Towering above heaven,
a hundred feet tall.
You, the talk of the town,
a town with one resident,
except her treehouse voyeur,
always whistling Tchaikovsky,
accompanied by thunder.
Never climbing down,
baited breath and icy stare,
holding her dreams inside of your hands,
tightly, but with enough room for them to breathe.
Your power was my own now,
but it felt foreign to my fingertips,
You had been a stormy stone for so long,
struggling to summon me home,
just bones, returned to the earth,
your name etched into the slab of grey,
no guilt, just a strange discomfort,
and an obligation that never felt quite urgent.
It was nothing to be frightened of.
I recalled a verse from a long lost friend,
wooden boxes, and someone he truly loved,
and I wondered if I’d ever be able to write for you in the same way,
scolding myself for the lateness of my grief,
surprised at how cruel and cold I could be.
Did you make me this way?
Does it matter?
I wore a crown of chrysanthemums and chopped onions the day that you were banished beneath the soil,
but it did no good.
My eyes were the Sahara,
sandy and sapless,
and I was cruel and cold,
just the way you made me.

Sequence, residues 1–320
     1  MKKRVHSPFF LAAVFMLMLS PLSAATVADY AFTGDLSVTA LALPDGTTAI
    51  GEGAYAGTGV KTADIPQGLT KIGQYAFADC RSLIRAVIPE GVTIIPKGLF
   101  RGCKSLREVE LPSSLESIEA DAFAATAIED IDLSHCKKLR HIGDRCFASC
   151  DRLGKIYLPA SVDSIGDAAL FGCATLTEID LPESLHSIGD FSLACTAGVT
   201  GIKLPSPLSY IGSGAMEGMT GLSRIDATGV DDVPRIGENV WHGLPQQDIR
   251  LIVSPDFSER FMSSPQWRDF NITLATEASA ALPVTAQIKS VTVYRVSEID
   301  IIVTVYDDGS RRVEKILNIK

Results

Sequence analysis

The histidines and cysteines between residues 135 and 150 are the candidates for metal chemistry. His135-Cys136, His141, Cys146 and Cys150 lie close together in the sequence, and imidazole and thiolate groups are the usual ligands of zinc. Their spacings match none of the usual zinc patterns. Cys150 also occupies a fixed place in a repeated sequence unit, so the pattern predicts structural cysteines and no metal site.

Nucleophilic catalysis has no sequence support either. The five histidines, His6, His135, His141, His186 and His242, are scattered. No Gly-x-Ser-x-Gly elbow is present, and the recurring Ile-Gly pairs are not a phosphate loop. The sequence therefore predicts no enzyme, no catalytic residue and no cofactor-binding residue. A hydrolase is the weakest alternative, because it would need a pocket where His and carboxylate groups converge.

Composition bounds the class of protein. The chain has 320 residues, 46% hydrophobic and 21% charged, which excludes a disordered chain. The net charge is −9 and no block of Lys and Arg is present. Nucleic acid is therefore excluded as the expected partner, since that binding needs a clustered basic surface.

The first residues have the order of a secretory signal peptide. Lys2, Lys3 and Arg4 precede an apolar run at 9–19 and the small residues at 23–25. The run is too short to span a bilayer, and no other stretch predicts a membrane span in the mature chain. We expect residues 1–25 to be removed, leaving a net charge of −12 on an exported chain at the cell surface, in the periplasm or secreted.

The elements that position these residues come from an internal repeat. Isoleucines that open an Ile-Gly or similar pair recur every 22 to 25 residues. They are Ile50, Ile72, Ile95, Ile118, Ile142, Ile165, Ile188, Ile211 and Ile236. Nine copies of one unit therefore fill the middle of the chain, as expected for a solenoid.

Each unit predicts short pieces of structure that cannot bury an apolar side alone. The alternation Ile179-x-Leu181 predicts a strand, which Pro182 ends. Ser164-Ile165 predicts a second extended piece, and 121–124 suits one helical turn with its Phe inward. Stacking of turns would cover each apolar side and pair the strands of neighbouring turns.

I moved back to the city, followed by the girl I never loved,
she sewed the night’s stars into her smile,
her eyes lit up the dark clatter of the underground’s tunnels,
and I was furious, hunted by my own denial,
and all that the thought of her did to me.
I can’t quite quit the quiet heaven of being held by you,
the heavy sigh of weary lovers filling the room,
your coffee, cooling on the bedside table,
chocolate bars for breakfast,
and a tender kiss for a sleep aid.
I am tired of the terror,
the outside world and all its horror.
You are so warm,
so, screw civilisation.
I don’t want to participate in anything but this.
The roses were on borrowed time,
nestled in nectar from the kitchen tap,
watching us from the mantle,
as I made an excuse to envelop you in my anxious arms again,
like a child with a blanket,
or a hopeless case with a last chance.
You wanted revenge, and I was your solitary soldier.
My guns were so peaceful, until they were not,
and you waved me off to another war,
stained with my scarlet kiss,
safe in your breast pocket as I severed the sweetest dreams,
clattering home with trophies and trinkets for my mistress.
The roses remained,
glowing with my youth as I yearned for you, from the door step.
With a flourish,
a frantic meeting of our much maligned lips,
I was home,
confessing my sins,
healing in your arms,
thrilled, once again, by your gratitude,
and all it’s gifts.